Housing Costs, Property Taxes Shift Along with Population
May 7th, 2008 by Tim Evans
- Gloucester County still leads New Jersey’s 21 counties in population growth, growing by 1.58 percent between 2006 and 2007, nearly seven times the statewide growth rate of 0.23 percent. Somerset (1.09 percent) and Cumberland (0.89 percent) were the second and third fastest-growing counties in the past year, respectively.
- Several counties in eastern Pennsylvania continue to rival or even outpace the fastest-growing New Jersey counties. Pike County, across the Delaware River from the northern tip of New Jersey, grew by 2.41 percent from 2006 to 2007. Northampton County, across the river on I-78, grew by 1.25 percent. Monroe County, across the river on I-80, grew by 1.11 percent.
- Pike and Monroe counties have been the two fastest-growing counties in the Northeast since 2000, fueled largely by relocating New Yorkers and New Jerseyans.
- But Northampton (which includes the cities of Bethlehem and Easton) is relatively new to the game of absorbing New Jersey out-migrants; this is the first year Northampton has grown faster than Monroe.
Economic Peaks and Valleys in the Poconos
County population estimates released by the Census Bureau in March reflect the continuation of previous trends, but with a few new wrinkles. For more than a decade, Pike and Monroe counties in northeastern Pennsylvania have been growing faster than any of the counties of northern and central New Jersey, as more and more residents of New Jersey and New York City have decamped for the Poconos in search of cheaper housing and lower property taxes. But Monroe County, at least, looks like it may be hitting a plateau.
For the first time, Monroe’s annual growth rate was exceeded by Northampton County’s. This is also the first time in many years that any county in northern or central New Jersey has come close to equaling Monroe’s growth rate; between 2006 and 2007, Somerset County’s growth rate of 1.09 percent nearly matched Monroe’s 1.11 percent.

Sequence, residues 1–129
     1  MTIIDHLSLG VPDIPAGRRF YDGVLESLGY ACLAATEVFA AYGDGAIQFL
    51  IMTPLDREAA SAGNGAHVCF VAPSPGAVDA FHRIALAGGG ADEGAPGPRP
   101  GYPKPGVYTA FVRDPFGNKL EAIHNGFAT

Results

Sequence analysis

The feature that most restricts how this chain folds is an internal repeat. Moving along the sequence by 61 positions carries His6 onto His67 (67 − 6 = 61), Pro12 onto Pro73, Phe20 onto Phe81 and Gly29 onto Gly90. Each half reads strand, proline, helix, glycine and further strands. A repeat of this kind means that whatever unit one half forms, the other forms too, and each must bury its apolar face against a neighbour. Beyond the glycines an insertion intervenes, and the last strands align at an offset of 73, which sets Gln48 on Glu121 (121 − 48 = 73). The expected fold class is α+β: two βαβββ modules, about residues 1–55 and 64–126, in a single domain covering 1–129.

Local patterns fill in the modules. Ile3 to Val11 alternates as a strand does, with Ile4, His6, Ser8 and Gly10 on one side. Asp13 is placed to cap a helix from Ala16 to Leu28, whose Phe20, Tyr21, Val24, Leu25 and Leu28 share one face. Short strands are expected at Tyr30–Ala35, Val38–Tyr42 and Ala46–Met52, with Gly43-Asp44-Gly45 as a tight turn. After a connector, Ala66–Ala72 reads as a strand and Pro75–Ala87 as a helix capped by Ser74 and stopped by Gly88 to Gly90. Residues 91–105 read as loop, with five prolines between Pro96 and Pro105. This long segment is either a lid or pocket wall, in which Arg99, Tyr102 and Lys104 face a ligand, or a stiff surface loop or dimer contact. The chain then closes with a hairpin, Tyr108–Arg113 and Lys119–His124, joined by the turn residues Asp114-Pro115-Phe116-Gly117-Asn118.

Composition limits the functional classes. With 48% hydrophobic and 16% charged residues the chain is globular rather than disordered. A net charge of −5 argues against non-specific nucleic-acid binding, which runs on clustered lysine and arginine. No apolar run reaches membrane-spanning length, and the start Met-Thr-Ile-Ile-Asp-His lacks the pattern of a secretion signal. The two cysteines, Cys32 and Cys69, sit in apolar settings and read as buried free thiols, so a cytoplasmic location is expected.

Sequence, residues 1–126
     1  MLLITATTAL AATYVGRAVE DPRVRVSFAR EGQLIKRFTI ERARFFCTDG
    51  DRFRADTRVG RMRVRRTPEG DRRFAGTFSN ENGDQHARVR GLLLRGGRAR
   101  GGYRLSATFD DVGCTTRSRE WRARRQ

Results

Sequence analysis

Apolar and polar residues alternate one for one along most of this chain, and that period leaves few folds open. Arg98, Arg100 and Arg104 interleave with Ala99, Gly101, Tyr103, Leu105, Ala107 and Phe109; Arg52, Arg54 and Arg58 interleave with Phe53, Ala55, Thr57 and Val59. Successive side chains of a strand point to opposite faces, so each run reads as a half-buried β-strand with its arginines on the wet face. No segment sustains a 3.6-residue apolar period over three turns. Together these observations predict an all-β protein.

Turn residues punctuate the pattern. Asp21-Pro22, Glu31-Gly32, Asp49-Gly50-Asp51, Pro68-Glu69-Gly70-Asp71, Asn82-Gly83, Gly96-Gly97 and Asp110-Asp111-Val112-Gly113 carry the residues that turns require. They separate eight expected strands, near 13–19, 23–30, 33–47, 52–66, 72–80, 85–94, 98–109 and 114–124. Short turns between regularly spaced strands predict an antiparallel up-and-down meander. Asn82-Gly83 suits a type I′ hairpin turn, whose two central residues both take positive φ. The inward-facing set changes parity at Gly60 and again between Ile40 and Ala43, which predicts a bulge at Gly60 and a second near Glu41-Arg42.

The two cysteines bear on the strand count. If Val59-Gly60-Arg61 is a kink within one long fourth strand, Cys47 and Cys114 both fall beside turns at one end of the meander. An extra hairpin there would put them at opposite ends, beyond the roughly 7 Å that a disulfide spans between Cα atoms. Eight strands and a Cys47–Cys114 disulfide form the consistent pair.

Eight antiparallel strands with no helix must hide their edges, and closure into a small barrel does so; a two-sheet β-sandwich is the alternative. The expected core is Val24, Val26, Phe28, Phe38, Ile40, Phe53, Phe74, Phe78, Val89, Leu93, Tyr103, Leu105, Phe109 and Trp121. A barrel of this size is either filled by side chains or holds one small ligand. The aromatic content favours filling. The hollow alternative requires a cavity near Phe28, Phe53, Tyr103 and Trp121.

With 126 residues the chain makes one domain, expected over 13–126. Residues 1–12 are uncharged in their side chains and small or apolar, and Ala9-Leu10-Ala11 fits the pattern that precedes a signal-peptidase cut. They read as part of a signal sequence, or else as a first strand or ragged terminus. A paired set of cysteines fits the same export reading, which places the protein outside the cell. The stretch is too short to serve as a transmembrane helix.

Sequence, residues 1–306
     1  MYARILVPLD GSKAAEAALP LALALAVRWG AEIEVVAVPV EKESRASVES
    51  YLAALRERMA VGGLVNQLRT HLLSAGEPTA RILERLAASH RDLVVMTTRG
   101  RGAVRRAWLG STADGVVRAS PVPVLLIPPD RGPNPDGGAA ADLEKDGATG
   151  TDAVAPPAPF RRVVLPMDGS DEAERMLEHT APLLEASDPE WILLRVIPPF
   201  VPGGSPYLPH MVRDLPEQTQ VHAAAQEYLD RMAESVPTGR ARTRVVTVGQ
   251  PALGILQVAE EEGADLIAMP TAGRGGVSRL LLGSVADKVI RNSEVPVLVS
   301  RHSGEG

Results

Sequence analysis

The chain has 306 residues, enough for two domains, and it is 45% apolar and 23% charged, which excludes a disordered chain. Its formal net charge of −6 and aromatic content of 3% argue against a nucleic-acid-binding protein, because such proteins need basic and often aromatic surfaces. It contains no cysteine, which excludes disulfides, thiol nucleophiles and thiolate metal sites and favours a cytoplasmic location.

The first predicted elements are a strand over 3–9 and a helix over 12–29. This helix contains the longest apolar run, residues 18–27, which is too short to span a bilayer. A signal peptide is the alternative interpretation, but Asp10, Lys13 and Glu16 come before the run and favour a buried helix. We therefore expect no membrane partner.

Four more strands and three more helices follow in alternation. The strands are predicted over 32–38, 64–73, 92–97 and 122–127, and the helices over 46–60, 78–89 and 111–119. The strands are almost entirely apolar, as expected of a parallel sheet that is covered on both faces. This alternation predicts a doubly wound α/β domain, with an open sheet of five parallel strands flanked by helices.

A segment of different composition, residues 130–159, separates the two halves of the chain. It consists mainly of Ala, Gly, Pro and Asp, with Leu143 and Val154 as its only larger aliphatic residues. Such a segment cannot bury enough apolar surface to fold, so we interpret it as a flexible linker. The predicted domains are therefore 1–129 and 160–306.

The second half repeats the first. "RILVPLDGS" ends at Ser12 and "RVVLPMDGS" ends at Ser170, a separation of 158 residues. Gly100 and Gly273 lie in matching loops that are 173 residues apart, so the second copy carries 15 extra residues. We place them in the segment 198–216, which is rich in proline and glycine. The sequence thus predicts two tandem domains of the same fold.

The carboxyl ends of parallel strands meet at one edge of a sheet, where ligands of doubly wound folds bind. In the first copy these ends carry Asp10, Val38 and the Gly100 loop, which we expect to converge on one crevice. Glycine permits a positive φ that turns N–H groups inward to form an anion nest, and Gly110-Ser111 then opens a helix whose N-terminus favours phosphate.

Other statistics portend New Jersey-like problems ahead for Monroe. The county experienced a sharp spike between 2000 and 2006 in terms of the median percent of total income spent on housing costs—from 21.9 percent in 2000 to an estimated 26.7 percent in 2006. Monroe’s median housing burden, which had been running near the middle of the pack compared to New Jersey just a few years ago, now outpaces 16 of New Jersey’s 21 counties. The median Monroe County household is now spending more of its income on housing than is true anywhere in the northern New Jersey suburbs.
Likewise, property tax bills have been rising fast in Monroe—a 48.2 percent jump in the median tax bill between 2000 and 2006, according to Census Bureau estimates. While still below the median property tax bills in the counties of northern and central New Jersey in absolute terms, Monroe’s percent increase was larger than in all but four New Jersey counties—Hunterdon, Somerset, Salem and Gloucester.
Transportation Costs Loom Large
The Census Bureau produces county population estimates annually, with July 1 as the reference date. Thus, these county estimates predate the recent rapid increase in gasoline prices. With many Monroe County residents continuing to commute to New Jersey or New York for their jobs (the percentage of Monroe residents who worked in another state stood at 23.2 percent as of 2006, higher than any New Jersey county except Hudson), skyrocketing fuel prices are likely to cause transportation costs to loom even larger as another factor eating into the household budgets of Monroe County residents.
For well over a decade now, New Jersey’s de facto “solution” to its housing and property tax problems has been to assume that eastern Pennsylvania would simply clean up after it, providing a haven for New Jersey workers who couldn’t afford the residential price of admission. But with rising gas prices and rising real estate tax bills in Monroe County (2006 statistics are not available for Pike County) changing the parameters of the trade-off between housing costs and transportation costs, perhaps the time has come for New Jersey to put some serious effort into attempting to house its own workers. Otherwise, jobs may finally begin following residents across the river.
If you have any questions about this issue of Future Facts, please contact Tim Evans, Research Director.